As 2008 draws to a close, the rising Taliban force in Afghanistan is taken a backseat to more immediate concerns in the region and elsewhere. But the crisis in Afghanistan remains, indeed 2008 was the deadliest year of the seven year long war.
The US death toll was a record 151. Roadside bombings doubled. The Taliban’s influence has spread and the attacks are increasingly bold. The Taliban has a permanent presence in 72 percent of Afghanistan now. Things are bad, and Joint Chiefs of Staff Chairman Admiral Michael Mullen predicts things will be even worse next year.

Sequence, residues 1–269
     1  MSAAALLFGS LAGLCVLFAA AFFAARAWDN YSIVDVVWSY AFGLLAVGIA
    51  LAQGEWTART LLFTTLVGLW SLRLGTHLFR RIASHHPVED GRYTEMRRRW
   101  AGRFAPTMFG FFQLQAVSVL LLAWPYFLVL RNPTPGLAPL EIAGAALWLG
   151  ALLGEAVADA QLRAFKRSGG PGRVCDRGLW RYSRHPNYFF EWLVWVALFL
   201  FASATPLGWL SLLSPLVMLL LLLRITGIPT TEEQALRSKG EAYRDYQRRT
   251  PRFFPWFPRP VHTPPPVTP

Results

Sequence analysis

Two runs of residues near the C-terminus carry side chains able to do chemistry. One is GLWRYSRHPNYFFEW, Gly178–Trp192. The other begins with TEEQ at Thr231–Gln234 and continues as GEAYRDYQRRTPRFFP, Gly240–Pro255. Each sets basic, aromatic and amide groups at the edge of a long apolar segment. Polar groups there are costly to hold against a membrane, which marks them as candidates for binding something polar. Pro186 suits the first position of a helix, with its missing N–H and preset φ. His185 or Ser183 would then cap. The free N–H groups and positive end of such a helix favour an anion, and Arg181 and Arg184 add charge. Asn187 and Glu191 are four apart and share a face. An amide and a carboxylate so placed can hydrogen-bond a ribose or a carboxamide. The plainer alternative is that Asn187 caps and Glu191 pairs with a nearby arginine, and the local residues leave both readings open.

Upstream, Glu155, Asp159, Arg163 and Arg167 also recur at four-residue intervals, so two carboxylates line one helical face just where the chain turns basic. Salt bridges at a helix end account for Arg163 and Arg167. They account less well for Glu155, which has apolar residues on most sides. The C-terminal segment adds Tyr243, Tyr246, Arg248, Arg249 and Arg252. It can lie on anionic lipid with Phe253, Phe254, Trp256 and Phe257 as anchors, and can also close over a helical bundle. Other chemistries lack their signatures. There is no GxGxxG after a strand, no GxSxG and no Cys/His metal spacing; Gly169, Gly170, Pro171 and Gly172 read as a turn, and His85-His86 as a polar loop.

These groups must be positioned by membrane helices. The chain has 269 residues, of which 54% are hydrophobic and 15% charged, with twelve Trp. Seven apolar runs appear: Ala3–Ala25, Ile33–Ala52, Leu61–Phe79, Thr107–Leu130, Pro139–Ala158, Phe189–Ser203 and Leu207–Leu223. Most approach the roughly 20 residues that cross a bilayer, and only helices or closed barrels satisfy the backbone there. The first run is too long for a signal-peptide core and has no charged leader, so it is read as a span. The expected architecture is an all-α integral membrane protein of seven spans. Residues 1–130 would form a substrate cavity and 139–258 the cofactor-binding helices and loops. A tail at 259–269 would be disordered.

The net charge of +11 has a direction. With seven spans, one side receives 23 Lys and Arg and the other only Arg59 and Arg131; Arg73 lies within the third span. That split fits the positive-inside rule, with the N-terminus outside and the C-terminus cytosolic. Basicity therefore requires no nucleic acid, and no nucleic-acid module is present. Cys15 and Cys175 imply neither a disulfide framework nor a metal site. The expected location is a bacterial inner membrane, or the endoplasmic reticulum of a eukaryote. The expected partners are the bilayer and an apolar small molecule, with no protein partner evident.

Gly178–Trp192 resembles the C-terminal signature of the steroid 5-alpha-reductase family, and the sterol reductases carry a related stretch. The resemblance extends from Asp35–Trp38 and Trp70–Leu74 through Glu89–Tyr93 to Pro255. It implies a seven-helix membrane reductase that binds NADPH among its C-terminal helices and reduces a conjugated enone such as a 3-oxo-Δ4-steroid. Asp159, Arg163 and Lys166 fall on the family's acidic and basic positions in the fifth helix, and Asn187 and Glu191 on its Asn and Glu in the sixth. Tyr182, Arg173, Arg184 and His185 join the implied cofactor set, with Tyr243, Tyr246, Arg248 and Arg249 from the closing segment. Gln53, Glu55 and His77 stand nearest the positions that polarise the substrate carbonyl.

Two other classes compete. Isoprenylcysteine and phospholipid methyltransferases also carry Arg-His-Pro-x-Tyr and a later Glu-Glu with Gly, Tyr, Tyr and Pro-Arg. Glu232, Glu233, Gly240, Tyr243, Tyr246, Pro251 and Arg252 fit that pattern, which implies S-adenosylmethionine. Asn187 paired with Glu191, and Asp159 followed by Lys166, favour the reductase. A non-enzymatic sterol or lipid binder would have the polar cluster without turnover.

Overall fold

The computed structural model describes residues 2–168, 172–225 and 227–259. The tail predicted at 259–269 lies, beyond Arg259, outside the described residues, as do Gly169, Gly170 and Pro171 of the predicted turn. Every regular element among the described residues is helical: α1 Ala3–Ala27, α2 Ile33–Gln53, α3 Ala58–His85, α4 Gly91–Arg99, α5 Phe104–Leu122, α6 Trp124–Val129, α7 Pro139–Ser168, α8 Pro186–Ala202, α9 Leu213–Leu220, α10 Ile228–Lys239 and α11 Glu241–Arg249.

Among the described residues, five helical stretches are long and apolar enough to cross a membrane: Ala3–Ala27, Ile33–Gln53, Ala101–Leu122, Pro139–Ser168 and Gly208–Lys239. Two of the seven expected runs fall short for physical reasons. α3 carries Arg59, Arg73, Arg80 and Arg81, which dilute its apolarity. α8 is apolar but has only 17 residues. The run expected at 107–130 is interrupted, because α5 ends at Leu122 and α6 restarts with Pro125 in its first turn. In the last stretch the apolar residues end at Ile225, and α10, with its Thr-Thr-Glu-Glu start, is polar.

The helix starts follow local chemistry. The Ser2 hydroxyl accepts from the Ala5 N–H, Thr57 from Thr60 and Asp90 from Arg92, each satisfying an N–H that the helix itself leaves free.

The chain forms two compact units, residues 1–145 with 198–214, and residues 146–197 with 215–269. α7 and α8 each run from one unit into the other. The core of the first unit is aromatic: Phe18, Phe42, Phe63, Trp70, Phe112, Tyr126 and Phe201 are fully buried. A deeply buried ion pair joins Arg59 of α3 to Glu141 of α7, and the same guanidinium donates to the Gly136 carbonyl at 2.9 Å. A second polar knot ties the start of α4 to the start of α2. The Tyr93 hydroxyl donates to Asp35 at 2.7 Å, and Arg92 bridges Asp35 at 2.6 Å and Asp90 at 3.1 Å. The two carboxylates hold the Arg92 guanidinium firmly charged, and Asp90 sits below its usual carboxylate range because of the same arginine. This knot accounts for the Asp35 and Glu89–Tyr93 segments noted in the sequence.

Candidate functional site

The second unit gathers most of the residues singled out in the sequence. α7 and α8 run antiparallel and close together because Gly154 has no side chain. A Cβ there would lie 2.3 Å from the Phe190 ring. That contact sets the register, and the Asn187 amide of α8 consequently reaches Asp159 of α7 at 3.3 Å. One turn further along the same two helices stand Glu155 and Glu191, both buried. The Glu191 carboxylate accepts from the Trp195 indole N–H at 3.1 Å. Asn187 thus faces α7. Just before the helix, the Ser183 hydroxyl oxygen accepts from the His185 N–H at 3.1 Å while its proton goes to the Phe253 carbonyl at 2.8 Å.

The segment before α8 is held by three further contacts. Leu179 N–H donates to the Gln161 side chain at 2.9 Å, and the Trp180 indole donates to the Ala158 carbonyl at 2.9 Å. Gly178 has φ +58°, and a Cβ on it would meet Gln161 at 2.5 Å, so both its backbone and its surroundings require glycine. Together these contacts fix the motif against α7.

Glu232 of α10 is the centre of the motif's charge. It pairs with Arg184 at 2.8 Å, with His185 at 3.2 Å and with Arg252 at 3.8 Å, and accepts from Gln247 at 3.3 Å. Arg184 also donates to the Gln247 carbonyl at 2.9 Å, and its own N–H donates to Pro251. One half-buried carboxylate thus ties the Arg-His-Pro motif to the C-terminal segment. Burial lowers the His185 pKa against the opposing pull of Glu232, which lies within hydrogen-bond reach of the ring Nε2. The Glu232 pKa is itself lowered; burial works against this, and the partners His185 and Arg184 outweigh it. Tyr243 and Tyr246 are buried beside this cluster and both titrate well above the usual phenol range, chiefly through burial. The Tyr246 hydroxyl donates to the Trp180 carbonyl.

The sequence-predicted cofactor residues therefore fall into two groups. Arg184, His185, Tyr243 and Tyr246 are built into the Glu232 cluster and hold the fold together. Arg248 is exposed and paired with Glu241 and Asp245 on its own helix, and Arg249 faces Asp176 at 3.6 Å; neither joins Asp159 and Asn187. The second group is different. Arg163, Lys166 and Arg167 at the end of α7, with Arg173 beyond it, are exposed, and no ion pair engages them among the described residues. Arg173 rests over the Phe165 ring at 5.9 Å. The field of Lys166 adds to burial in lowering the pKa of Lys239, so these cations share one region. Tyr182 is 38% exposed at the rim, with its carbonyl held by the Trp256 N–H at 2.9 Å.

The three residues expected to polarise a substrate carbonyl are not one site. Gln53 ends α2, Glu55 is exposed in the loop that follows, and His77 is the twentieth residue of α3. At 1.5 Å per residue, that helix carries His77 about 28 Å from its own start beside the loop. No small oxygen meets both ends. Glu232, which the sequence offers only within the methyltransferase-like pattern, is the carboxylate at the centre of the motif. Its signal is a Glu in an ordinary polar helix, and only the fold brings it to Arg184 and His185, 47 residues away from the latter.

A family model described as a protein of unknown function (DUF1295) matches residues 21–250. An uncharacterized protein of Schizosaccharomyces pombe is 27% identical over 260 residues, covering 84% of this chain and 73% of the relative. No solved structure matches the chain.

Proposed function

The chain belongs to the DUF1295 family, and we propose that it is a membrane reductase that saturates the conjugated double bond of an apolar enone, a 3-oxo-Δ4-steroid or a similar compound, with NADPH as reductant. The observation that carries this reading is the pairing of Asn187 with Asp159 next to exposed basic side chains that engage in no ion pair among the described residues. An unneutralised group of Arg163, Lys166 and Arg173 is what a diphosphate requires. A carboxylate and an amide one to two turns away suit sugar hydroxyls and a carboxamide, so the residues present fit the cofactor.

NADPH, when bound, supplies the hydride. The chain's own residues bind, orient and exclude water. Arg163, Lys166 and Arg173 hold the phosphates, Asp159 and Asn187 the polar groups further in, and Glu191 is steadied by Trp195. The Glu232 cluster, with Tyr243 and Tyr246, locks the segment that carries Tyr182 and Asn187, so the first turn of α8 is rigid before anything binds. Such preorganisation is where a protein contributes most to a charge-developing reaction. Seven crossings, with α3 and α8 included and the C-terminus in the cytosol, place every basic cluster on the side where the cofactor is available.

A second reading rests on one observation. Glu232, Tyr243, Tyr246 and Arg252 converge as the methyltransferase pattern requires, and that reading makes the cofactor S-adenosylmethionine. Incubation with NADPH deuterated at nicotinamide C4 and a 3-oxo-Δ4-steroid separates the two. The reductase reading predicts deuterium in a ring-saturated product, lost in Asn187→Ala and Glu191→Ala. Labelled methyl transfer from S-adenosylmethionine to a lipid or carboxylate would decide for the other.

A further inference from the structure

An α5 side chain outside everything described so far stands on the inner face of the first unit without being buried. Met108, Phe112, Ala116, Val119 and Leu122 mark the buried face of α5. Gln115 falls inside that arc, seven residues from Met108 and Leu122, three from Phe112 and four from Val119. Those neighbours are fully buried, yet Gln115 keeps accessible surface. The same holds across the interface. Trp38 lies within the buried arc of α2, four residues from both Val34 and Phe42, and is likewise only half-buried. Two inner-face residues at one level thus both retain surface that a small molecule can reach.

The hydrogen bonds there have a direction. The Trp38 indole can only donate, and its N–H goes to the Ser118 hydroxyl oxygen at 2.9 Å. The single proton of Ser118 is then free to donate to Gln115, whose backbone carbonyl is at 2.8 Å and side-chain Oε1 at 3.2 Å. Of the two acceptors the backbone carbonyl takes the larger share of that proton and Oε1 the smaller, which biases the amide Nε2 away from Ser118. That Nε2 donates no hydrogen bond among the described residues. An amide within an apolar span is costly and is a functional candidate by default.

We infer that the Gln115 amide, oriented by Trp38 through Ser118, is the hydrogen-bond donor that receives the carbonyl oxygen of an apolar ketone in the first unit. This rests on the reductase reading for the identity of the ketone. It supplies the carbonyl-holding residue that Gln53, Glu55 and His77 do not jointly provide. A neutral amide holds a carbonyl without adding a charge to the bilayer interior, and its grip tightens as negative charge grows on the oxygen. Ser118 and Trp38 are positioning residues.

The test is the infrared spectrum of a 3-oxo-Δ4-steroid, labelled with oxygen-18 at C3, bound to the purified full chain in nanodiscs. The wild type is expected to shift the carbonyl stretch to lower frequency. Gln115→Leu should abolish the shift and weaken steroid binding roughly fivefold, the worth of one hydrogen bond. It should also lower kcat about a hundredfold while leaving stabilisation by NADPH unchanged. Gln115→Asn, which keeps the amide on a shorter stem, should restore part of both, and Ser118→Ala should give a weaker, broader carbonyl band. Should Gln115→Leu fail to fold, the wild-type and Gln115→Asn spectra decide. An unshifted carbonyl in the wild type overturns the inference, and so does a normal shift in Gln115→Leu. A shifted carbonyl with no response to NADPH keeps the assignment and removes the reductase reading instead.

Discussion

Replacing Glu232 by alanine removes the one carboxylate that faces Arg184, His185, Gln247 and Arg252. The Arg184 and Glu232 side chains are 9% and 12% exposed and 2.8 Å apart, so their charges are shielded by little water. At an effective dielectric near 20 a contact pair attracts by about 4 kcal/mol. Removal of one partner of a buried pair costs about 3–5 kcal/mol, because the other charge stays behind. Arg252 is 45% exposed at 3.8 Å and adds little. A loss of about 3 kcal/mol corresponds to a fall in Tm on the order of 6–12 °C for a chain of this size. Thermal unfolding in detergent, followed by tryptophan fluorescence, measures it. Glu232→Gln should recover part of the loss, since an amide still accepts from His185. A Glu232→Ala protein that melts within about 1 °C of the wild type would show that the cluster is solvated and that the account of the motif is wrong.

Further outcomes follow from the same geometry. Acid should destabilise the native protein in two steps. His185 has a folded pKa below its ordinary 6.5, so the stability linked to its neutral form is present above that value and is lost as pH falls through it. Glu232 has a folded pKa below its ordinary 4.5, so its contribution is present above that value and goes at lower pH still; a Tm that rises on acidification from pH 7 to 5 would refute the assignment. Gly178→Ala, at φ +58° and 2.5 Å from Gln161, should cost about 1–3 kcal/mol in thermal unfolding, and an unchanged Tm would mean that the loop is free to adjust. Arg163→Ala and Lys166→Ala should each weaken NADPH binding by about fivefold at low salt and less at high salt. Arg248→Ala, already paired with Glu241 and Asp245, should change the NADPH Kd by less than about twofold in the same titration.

While military spokesmen speak of “advances,” it’s increasingly clear that the US is pinning its hopes on a surge, nearly doubling the number of troops on the ground, to stem the tide of failure that is washing over the mission. President-elect Obama seems poised to make Afghanistan the center of his foreign policy when he takes office next month.
But with seven years of fighting and little to show for it but death and destruction, both Afghanistan’s government and its citizens are increasingly discontented with the international forces. Between this and an increasingly perilous supply line, it seems unclear how much good an extra 20,000 combat troops could possibly be expected to do. That seems unlikely to stop the new administration from throwing more troops and money at the situation should the surge fail, however.